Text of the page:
While each cocktail gets a photo, this is not a coffee table book full of pretty pictures. Instead, this will appeal to those looking to understand the methods of making great cocktails and also to learn how longstanding recipes can be improved. There are reimagined recipes for the Blue Hawaii, Ray’s Mistake, and many others.

The Mai Tai from Tropical Standard

Richard’s acclaimed Mai Tai recipe is included, without any need for significant reimagining. The authors state “It does not suffer from any defect in its conception”, yet acknowledges that today’s Mai Tai can’t exactly replicate one from 1944. The recipe is fairly complex, using two orange liqueurs, three rums, and a few drops of Salt Solution to heighten the flavors. The spent lime shell goes inside the cocktail, not on top. Check the book for the recipe but suffice to say that the Mai Tai is quite fantastic.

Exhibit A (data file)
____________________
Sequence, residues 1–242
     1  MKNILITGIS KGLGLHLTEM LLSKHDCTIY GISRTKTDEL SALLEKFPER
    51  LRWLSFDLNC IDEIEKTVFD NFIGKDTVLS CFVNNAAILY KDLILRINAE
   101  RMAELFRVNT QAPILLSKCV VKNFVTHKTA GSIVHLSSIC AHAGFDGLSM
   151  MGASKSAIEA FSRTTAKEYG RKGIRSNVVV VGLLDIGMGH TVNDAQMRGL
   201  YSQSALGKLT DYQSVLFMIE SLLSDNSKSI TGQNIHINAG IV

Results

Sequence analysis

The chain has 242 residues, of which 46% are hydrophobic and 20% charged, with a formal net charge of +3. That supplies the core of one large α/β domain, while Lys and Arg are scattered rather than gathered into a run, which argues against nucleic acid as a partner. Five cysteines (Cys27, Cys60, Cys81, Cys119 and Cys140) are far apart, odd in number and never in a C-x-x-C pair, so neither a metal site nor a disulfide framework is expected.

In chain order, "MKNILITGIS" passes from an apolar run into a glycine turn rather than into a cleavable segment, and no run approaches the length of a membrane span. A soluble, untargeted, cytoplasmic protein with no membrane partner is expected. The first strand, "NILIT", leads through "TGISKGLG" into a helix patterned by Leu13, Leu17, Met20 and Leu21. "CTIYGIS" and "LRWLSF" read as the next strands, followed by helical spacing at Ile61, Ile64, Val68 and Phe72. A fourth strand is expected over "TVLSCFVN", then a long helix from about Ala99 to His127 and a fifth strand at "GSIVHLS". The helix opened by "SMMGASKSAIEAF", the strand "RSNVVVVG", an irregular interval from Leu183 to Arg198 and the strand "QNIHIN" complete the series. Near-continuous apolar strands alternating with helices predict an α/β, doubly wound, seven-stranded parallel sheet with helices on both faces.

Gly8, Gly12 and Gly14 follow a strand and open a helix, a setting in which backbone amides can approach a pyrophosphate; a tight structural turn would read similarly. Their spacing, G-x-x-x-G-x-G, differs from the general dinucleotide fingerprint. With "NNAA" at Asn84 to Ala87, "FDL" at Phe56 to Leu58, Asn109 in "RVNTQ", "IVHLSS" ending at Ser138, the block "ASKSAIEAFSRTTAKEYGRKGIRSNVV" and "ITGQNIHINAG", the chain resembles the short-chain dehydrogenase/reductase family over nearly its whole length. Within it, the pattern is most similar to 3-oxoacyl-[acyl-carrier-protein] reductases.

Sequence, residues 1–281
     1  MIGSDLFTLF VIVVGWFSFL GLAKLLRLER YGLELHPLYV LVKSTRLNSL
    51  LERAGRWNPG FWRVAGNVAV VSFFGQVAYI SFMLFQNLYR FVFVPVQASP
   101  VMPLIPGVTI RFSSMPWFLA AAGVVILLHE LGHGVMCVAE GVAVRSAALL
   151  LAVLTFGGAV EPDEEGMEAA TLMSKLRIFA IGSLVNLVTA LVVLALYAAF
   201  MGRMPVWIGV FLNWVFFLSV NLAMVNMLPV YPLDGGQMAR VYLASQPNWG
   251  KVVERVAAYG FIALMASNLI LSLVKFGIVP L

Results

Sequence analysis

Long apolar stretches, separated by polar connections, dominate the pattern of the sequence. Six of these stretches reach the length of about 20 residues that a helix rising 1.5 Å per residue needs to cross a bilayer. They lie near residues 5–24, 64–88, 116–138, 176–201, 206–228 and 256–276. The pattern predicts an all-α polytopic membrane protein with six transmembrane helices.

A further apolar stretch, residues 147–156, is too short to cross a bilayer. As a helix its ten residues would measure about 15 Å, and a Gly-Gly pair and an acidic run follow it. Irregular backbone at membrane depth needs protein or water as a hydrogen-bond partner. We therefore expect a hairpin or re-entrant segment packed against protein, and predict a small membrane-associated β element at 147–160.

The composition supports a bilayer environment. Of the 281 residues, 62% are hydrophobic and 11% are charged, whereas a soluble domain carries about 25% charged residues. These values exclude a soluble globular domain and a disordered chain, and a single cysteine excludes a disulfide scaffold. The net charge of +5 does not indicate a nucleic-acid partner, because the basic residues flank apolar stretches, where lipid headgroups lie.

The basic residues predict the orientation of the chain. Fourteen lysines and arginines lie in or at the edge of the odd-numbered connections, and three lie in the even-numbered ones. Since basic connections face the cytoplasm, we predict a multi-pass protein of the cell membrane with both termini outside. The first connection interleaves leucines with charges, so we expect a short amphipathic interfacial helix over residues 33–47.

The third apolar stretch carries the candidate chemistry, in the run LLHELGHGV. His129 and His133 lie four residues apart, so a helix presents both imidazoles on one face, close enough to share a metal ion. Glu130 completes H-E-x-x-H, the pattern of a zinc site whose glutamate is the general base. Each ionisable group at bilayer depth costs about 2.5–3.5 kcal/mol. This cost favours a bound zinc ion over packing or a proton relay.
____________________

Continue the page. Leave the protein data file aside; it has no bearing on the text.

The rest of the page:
“New versions of this pivotal cocktail are constantly advanced and debated by bartenders world-wide. It is nigh on impossible to improve on a drink as iconic as the Mai Tai, but with its collection of small adjustments, rediscovered techniques, and precise flavor pairings, the Mai Tai you are about to make will banish all others from your heart.”

Other preparation techniques include ice and dilution, acid adjusting citrus, and even sugar adjusting. These are presented in an open way, not in one that talks down to the reader – which this lazy home bartender appreciates. There are many opportunities to reconsider long-held personal tendencies and to consider new approaches.

Tropical Standard is available today at fine booksellers everywhere.